The Dehi High Court has quashed the ban of over 300 fixed dose combinations (FDCs) announced by the Indian government in March this year. This has left health activists and other drug safety proponents sorely disappointed. The Union Ministry of Health’s decision to ban what it termed “irrational” drug combinations – drugs that either need not or should not be combined into a single formulation – counts as one of its most sweeping, and decisive actions on drug safety in recent memory. However, judging by news reports, it appears to have stumbled on procedural grounds – on mere technicalities.
It is in human nature to look for silver linings to clouds. Or at least, it is in mine. So I tweeted that at least many FDCs had gone off the market after this notification. Then, I reckoned to myself that perhaps doctors might now think twice before prescribing dodgy FDCs. And I am sure, there are others thinking, “Well, at least the government tried.” (Including the government itself).
But then, I stopped short and went back and mentally obliterated all the silver linings. For, when it comes to fighting for drug safety, you have to win. Continue reading
Correct me if I am wrong but I do believe that the Union Ministry of Health and Family Welfare just acknowledged that when prices of a product are fixed, manufacturers are discouraged from entering the market. And that competition brings down prices. Yes, you read that right, competition, and not price control. Continue reading
I’ve been quite vocal in my views about the ban on fixed dose combinations on Twitter. So here’s a selection of my key tweets (and some retweets) on the subject. Good way to get a quick summary of the subject while I hem and haw over a longer article (if it ever gets written). Latest tweets on top. Continue reading
The abnormally high margin that trade channels are believed to earn on a relatively small portion of the Indian pharmaceutical market has become the latest painpoint for the central government. The margins in question even cross 1000 per cent in some cases, according to a new report by a committee set up by the Department of Pharmaceuticals (DoP) in the Union Ministry of Chemicals and Fertilizers to investigate the matter.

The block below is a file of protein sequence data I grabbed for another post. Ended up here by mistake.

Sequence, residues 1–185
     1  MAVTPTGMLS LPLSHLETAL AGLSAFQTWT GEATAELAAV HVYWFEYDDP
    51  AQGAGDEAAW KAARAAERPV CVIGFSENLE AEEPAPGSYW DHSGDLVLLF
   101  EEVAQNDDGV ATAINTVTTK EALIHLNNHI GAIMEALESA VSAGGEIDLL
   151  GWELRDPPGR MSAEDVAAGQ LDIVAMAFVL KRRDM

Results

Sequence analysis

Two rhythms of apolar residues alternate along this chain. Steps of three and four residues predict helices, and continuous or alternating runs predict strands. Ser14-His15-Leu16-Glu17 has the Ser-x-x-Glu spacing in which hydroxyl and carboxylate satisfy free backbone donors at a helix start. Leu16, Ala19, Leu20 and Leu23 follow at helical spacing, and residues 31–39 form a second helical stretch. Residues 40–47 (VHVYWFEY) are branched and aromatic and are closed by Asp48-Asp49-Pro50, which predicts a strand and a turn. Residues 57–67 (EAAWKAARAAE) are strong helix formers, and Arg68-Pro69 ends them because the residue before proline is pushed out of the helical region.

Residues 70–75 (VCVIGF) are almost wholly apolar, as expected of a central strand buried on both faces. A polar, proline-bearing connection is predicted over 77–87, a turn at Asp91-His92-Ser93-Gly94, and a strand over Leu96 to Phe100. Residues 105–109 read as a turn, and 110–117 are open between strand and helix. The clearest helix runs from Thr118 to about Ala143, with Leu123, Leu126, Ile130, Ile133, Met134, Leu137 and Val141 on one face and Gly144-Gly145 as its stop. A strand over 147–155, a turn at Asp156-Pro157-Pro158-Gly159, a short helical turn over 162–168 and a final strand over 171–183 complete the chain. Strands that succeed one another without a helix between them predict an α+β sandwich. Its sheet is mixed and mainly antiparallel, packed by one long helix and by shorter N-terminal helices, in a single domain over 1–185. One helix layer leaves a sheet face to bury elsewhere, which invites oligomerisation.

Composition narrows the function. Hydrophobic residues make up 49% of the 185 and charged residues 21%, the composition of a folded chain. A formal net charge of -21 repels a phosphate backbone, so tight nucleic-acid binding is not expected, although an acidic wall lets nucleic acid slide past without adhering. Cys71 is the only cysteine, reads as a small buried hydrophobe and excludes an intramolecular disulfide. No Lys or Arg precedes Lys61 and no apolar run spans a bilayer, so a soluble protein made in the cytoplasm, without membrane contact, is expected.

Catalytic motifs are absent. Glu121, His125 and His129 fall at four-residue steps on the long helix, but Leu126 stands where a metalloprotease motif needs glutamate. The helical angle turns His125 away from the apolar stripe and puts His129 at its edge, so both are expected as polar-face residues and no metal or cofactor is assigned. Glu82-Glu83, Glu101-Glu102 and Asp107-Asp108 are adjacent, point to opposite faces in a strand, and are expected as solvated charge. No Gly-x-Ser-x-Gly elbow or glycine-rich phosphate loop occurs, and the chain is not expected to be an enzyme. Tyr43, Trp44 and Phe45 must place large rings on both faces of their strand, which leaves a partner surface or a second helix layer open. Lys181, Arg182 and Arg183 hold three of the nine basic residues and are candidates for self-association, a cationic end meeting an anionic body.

The committee has now recommended capping trade margins on not just such meds which go by the moniker of ‘trade generics,’ but all drugs.
A cap on trade margins is not only difficult to implement but will do precious little to lower the price that the consumer pays. It might even lead to disputes and litigation between companies, trade, and the government. Besides, trade generics constitute not more than 15 per cent of the overall pharmaceutical market – and that is an outside estimate. Yet, this is being done in the name of the consumer. Continue reading
The Competition Commission of India (CCI) recently slapped a Rs 63.5 crore fine collectively on GlaxoSmithKline Pharmaceuticals (GSK) and Sanofi Pasteur for attempting to collude to share a Union Ministry of Health tender for a meningitis vaccine and inflate prices. Indian health authorities have been immunising Indians performing Hajj, or the annual pilgrimage to Mecca, against meningitis since 2002. The case, which dates back to 2011, appears to be a great lesson in how not to tender.